Melissa Carter: Growing up, slowing down

Let’s remember our own experiences. One of my greatest victories as a kid was beating running champion Yvette Sharp in a dash across the kickball field during recess. That’s when recess was part of a school’s curriculum, and such impromptu races were a common way to pass the time at Brown Elementary School.   Basketball and volleyball were the games of choice in my junior high school’s gym class, and I was on the tennis team in high school. The hills of the University of Tennessee in Knoxville proved challenging for all new students, especially lugging a 15-pound backpack along the way.  The joke was you could tell what year a student was based on the size of their calves.

My life now is certainly not as active. Spending a majority of my adult life in a radio studio has required me to remain sedentary during the day, and my television/laptop evenings don’t offer a lot of cardio. I try to take walks, but the time spent and distance walked don’t compare to my days as a student. 

I respectfully disagree with those diet ads I see and hear, informing me that as a 40-something my old body’s systems are breaking down, resulting in weight gain that can only be conquered by their pills. 

The reality is I don’t walk to work with a weight on my back, I’m not taking a break during the day to sweat it out on the basketball court, yet I can afford to eat and drink more than I did back in my days of youth.

Diet fads aren’t going to cure your weight issues, but neither is hating the body you’re in right now. Eating right and exercising are not new concepts, and it seems the more comfortable we make our lives, the more anxious we become about our bodies.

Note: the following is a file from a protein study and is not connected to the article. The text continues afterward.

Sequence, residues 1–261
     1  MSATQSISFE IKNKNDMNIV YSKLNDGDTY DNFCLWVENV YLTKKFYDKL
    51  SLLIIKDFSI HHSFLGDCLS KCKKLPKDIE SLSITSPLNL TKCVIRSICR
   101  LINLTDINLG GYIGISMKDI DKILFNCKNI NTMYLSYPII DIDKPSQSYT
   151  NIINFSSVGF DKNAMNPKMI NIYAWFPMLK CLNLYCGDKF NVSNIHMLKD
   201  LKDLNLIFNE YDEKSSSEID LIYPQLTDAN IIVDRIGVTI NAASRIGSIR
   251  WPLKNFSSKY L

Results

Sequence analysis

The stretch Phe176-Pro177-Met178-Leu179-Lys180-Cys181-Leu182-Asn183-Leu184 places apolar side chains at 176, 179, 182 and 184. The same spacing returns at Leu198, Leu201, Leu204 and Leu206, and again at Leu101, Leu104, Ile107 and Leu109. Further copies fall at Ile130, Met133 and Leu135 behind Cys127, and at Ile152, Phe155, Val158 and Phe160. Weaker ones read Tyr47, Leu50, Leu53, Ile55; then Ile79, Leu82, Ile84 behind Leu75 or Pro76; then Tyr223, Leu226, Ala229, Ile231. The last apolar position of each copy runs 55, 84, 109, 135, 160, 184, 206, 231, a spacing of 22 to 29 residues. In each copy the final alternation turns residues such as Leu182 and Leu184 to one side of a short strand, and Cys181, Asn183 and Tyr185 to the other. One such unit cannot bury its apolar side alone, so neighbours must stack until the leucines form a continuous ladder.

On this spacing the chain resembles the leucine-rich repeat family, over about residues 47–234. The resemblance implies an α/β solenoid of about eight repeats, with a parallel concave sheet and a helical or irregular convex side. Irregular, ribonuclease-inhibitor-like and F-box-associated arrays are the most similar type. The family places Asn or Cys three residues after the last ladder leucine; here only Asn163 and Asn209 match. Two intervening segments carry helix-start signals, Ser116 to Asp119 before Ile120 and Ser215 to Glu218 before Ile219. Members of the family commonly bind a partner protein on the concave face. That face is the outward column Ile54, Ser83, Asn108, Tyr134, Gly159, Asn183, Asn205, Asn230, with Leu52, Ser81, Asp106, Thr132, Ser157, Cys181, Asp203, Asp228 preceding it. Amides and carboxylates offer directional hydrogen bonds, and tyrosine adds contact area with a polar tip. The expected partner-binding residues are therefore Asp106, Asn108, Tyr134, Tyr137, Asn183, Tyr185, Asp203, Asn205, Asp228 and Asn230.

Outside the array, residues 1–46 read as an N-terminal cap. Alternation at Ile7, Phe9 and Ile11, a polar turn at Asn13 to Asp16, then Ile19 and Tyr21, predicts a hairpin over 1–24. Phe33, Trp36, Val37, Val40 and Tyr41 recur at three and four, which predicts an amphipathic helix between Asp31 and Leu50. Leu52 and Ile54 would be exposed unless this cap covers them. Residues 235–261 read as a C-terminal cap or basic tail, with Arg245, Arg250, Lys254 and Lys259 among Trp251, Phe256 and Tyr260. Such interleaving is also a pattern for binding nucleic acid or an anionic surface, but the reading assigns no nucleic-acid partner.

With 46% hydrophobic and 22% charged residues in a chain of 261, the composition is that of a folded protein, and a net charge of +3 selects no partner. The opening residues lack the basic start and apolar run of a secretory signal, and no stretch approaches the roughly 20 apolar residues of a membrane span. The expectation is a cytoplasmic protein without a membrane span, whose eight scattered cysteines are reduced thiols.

If we look back to how active we were forced to be in school, maybe we’ll realize we shouldn’t be insecure to put on a bathing suit today. It’s not age or a natural lack of will — we simply stopped moving.

If I were to write a book about this issue, I’d call it “Live Like You Were in College.” Even those that didn’t go to college could benefit, since the concept is simply walk everywhere with a backpack full of books.

You would also eat like you were on a meal plan, only having meals available during certain hours of the day. No counting calories, no joining a gym.

I’m pretty sure results would be immediate.


Melissa Carter is also a writer for Huffington Post. She broke ground as the first out lesbian radio personality on a major station in Atlanta and was one of the few out morning show personalities in the country. Follow her on Twitter @MelissaCarter